The approach I adopted here — pencils, drawing quickly, on printer paper — is pretty much what I do now, but it took me a further 3 years or so to return to that method, as I continued to introduce pencil instead of pen to my comics, and pare back narratives. I was trying to unlearn the stuff I had made myself try out in the first few years of making comics. This is the stuff that was republished by Avery Hill in the book Days in 2014.
Xavier Guilbert : Since we’ve touched a little on the question of style, I’m curious — reading the first issues of SMOO, I felt there was something very British in the way you approached the page. When you look at US productions, be they mainstream or indy, there’s often a neat structure — rectangular panels, everything is kind of clearly delimited and organized. While thinking back on the pages of, say, 2000AD, things are definitely busier. ?And yet, you seem to mention a lot of US influences… I don’t know how much of a specific British culture of comics exists in Britain. I’ve visited only a handful of comic stores over the past years (namely Forbidden Planet), and the image I got was that it was first and foremost dominated by US comics, both in the mainstream and alternative sections.
Simon Moreton : The UK comics community has changed a lot over the last eight or so years that I’ve been involved. There has been a history of making and self-publishing comics for a very long time, and I think that has contracted and grown over the years at different moments, but when I started it was still fairly limited to genre stuff and fan cultures. We’re definitely in a growth phase at the moment. We have seen a big upswing in the number of shows, and a definite rise of, for want of a better word, art comics, too. There’s a moment here happening, with people like NoBrow and Breakdown Press and a bunch of art school kids who’ve taken comics into their work, where the possibilities of comics are really being made more visible. So the audience is growing, the variety of work is growing and that’s good.
Xavier Guilbert : I definitely share the impression of a rising comic scene in the UK — at least from what I’ve seen strolling around in Angoulême. And I guess the move away from conventional formats (and acceptations of the medium) is rather global, since we’ve had similar trends in France with the blossoming of the « graphic novel » (which, eventually, becomes another format itself).
To remain on that topic (more or less), you mention John P. and Jeffrey Brown, and in the Days ‘zine (a collection of daily drawings) you say you were trying to emulate James Kochalka in American Elf. I also note that you seem to interact a lot with US-based cartoonists. Does that mean it’s difficult to find something of a comics community in the UK ?
Simon Moreton : I think my attraction to the US DIY culture, over perhaps the one on my doorstep, is to do with how it has found its way into comics already. I didn’t really connect with conventional comics, and the weird stuff was already coming out of America, and that was inspiring. With that in mind, I don’t think it’s a surprise that I have an American publisher for Plans We Made, or that I make a large number of online sales to the US. At comics shows here in the past people haven’t really known what to make of these minimal black and white zines — like it doesn’t fit their vision of what a comic might look like. Whilst as in America, even if people weren’t that into it, it wasn’t an unusual thing to see, this format, this kind of work. I think that’s changing a bit over here, and that’s great, but I do sometimes feel a bit at the margins. That’s cool though.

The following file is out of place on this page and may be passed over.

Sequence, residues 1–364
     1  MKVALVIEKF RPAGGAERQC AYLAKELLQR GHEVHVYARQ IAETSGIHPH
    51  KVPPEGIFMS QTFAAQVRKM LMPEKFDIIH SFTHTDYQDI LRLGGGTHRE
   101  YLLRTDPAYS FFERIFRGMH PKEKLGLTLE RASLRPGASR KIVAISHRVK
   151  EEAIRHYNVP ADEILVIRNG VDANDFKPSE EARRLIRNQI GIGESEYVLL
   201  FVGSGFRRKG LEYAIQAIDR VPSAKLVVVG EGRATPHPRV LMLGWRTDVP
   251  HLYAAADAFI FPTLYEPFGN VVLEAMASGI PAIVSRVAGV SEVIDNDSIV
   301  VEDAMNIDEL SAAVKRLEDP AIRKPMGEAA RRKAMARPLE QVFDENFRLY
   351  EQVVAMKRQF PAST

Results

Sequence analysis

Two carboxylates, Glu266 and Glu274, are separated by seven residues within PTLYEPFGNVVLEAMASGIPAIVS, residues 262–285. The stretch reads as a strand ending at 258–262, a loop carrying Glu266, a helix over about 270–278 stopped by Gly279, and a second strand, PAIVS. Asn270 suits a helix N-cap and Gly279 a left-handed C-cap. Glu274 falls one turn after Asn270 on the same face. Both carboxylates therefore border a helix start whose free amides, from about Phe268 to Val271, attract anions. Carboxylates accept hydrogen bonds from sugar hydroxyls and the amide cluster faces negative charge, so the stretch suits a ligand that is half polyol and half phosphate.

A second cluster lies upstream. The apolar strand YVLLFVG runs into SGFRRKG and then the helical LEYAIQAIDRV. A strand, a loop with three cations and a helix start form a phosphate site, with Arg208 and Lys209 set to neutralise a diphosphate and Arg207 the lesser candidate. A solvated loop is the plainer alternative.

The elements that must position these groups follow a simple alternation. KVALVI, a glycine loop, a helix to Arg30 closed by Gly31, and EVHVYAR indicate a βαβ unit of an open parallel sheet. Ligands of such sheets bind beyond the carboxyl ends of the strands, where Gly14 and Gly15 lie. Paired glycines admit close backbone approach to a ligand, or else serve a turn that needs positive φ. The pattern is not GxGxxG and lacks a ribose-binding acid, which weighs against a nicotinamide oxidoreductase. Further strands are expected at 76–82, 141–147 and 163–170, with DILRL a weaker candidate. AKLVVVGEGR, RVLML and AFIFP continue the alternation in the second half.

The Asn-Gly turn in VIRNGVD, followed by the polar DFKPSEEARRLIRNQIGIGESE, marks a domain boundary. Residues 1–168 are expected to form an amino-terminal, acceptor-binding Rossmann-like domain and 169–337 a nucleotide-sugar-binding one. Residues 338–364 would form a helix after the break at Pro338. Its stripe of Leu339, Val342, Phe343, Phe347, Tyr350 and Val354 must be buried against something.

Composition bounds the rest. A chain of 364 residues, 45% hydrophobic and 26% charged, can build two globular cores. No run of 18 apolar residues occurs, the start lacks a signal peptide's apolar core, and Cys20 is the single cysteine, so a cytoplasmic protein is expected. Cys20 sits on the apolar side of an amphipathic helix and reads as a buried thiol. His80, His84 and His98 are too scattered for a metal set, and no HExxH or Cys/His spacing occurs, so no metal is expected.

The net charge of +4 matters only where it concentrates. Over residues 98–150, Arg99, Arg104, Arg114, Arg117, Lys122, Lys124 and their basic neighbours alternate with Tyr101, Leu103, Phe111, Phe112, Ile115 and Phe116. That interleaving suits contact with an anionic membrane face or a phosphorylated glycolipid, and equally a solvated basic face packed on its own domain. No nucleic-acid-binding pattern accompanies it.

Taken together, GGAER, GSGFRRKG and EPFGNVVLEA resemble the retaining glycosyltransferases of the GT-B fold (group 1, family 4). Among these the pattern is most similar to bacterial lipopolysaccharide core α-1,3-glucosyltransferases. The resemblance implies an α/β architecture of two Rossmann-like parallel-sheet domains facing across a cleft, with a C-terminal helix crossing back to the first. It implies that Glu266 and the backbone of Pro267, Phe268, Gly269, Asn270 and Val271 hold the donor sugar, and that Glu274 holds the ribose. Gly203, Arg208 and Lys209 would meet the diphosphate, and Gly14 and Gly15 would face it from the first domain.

As for my influences, I’ve always been aware of my interest in North American culture. As a child of the 80s watching kids’ films, and cartoons, and a teenager in the mid to late nineties excited by American alternative culture, it’s been ingrained in me. My teenage rebellion, such as it was, was reading Douglas Coupland and listening to DIY and alternative music and being wistful about running away.
When I discovered King Cat, it had a big impact on me two ways. Artistically it reported a way of seeing the world that I could relate to, and that I shared. The simple, thoughtful framing of events and the desire to live a particular kind of life through art. But also politically, the stuff John P reflects on making art, the punk approach to that, that resonated. And probably a certain amount of romantic idealisation on my part of this vision of America in the 90s that permeates some of the stories.
So I think I’ve always been aware since starting to make comics that I had American reference points, but I also knew that if I was going to draw a landscape, it needed to reflect this place, these streets. That preoccupation has come to the fore more over the years.
These days there are a whole bunch of non-comics influences that are also by and large non-American informing the stuff I’m working on. From John Betjeman, the English beat poets, folk art, through to the other stuff I’ve read — I trained as a geographer. I have a PhD in Human Geography. And while my research focuses on cultural policy and stuff like that, I learned a lot and read a lot about how we think about place, space, identity, how those things are made. More recently, my girlfriend recently introduced me to the films of Patrick Keeler and Chris Marker, and I’ve been exploring writers like WG Sebald. This stuff is really exciting for me.